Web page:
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CFPB Study: A CBL Loan Can Help Buyers Build Credit

The nation’s consumer bureau says credit-building loans (CBL) can help boost credit scores for people who don’t carry debt or don’t have any credit score at all. Consumers with a CBL make regular monthly payments, but they don’t collect “loan” money until it’s paid off.

WASHINGTON, DC – The federal Consumer Financial Protection Bureau (CFPB) released a report that suggests a credit builder loan (CBL) can increase the likelihood of establishing a credit record if a consumer doesn’t have one. It can also help improve the credit score of people who have a thin score with no current outstanding debt.

CFPB says it issued “Targeting Credit Builder Loans: Insights from a Credit Builder Loan Evaluation” and an accompanying practitioner’s guide to help community-based organizations and financial institutions.

CBLs exist only to help people boost their credit scores. A consumer who takes out a CBL agrees to make regular monthly payments – a key requirement for boosting credit scores – but they usually don’t receive money until the “loan” is paid off.

In a typical CBL, the lender moves funds into a locked savings account. The borrower then makes installment payments for six to 24 months, and the lender reports those payments to the credit reporting agencies. Once the payment period ends, the lender deposits the principal payments into the borrower’s savings account, though in a few programs they CBL borrower may get it monthly.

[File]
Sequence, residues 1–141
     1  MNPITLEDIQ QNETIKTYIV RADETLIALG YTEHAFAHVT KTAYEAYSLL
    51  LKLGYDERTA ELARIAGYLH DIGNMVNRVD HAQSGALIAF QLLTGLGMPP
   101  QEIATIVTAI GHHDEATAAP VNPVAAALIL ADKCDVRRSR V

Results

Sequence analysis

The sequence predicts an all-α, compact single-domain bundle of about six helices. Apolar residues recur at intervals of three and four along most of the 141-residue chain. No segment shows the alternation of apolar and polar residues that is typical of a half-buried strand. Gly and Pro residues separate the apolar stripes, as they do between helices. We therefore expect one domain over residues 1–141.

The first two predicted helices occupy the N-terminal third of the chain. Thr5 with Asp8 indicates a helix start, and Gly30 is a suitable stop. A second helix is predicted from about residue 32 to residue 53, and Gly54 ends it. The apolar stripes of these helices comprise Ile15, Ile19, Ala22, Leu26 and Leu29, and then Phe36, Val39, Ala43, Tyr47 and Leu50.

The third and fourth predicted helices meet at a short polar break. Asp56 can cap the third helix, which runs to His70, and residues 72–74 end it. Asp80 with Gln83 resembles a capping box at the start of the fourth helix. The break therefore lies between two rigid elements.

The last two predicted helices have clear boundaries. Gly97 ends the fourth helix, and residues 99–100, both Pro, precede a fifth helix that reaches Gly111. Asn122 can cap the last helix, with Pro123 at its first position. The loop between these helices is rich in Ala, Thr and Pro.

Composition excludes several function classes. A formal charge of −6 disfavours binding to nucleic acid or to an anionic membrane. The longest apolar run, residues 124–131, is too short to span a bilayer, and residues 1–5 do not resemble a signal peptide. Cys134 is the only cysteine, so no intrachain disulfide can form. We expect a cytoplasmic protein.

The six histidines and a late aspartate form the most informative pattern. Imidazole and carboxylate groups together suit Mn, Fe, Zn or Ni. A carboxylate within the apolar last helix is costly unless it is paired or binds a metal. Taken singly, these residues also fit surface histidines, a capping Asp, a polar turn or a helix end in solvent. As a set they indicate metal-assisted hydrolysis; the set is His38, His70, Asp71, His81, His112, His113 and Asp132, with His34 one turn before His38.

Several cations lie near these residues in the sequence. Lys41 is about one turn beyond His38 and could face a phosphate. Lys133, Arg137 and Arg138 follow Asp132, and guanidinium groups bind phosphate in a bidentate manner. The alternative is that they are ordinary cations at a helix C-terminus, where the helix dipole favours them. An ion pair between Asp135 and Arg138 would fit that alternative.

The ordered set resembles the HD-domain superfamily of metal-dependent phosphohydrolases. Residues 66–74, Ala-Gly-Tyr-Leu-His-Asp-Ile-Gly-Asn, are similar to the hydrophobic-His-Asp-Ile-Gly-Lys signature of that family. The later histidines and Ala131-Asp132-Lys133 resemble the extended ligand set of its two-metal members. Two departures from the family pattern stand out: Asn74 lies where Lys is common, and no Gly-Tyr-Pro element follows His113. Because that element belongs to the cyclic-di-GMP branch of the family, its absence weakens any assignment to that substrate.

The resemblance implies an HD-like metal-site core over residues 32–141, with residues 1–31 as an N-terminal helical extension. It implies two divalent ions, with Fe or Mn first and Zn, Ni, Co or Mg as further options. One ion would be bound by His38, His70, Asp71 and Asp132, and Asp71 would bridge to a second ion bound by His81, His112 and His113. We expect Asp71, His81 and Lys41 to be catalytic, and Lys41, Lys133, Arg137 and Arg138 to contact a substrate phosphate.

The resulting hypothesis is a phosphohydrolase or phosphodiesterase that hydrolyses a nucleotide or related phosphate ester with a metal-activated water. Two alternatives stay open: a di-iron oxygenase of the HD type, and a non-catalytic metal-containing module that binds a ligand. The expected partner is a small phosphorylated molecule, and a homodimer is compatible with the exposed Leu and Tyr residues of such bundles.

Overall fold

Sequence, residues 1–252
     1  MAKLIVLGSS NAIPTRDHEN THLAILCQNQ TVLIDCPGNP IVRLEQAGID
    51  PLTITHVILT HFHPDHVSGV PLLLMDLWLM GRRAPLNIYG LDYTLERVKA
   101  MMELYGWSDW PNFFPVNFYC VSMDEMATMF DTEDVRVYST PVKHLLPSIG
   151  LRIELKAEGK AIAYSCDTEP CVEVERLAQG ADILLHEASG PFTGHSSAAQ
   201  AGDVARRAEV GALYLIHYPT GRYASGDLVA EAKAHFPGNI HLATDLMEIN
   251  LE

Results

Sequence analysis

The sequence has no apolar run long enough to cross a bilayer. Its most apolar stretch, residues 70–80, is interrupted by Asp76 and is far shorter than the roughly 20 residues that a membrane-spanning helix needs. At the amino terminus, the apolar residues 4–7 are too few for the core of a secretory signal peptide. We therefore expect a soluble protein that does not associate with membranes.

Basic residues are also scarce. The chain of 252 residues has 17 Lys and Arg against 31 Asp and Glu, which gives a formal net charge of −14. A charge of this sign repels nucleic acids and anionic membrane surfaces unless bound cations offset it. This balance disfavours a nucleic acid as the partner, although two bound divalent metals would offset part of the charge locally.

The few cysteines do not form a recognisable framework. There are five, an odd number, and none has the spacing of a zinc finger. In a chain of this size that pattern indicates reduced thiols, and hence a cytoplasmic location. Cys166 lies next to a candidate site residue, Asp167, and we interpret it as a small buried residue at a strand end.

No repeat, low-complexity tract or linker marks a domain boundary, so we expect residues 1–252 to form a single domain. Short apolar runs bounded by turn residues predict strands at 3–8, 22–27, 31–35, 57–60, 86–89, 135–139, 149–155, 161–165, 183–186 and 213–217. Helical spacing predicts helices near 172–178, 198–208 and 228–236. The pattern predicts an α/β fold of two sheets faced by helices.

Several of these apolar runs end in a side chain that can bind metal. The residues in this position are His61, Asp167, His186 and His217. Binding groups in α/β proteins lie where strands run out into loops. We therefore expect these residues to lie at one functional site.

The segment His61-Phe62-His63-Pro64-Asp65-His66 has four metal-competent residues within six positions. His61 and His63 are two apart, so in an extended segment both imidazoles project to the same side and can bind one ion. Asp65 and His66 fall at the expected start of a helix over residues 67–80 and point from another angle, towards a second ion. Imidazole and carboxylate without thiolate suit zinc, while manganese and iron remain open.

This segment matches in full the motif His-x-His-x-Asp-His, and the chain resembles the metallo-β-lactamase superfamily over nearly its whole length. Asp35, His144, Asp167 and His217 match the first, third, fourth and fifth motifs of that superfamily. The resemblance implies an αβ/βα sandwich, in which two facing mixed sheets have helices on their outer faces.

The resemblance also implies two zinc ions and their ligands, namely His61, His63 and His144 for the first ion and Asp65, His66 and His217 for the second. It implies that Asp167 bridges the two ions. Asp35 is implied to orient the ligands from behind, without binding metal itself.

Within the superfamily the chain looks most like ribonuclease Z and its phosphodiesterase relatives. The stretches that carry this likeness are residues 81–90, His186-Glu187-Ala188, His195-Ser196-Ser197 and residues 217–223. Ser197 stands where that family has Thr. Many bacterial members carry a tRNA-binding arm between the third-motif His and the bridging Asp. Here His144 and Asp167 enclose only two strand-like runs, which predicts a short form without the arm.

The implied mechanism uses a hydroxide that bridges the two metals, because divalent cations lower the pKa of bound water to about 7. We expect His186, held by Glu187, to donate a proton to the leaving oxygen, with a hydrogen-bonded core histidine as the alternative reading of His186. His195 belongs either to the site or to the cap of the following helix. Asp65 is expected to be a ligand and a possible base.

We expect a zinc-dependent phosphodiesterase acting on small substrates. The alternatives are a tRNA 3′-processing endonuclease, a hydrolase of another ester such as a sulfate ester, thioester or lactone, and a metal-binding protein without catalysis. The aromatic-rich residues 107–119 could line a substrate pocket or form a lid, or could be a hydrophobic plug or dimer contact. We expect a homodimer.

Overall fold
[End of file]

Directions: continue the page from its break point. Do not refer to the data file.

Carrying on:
The CFPB report examined 1,531 credit union members who were offered a financial institution’s credit builder loan (CBL). Among the highlights:

  • For participants without an existing loan, a CBL increased their likelihood of having a credit score by 24%. Most participants with existing debt already had a credit score.
  • Participants without existing debt saw their credit scores increase 60 points more than participants with existing debt.
  • The CBL was associated with an average increase in participants’ savings balances of $253.

A CBL didn’t help consumers already carrying debt, however. In fact, it slightly lowered their credit scores. CFPB thinks that the people already in debt may have “had difficulty incorporating CBL payments into existing payment obligations.” It suggests that people currently in debt seek financial counseling before considering a CBL loan.

CFPB says about 26 million U.S. adults – one in 10 – lacks a credit record and are considered “credit invisible.” Another 19 million have a credit record but no score because their history is too thin or out-of-date.

Without a credit score, consumers have trouble getting credit or, if they can secure a loan, qualifying for lower interest rates.

More information about CBLs is posted on CFPB’s website.

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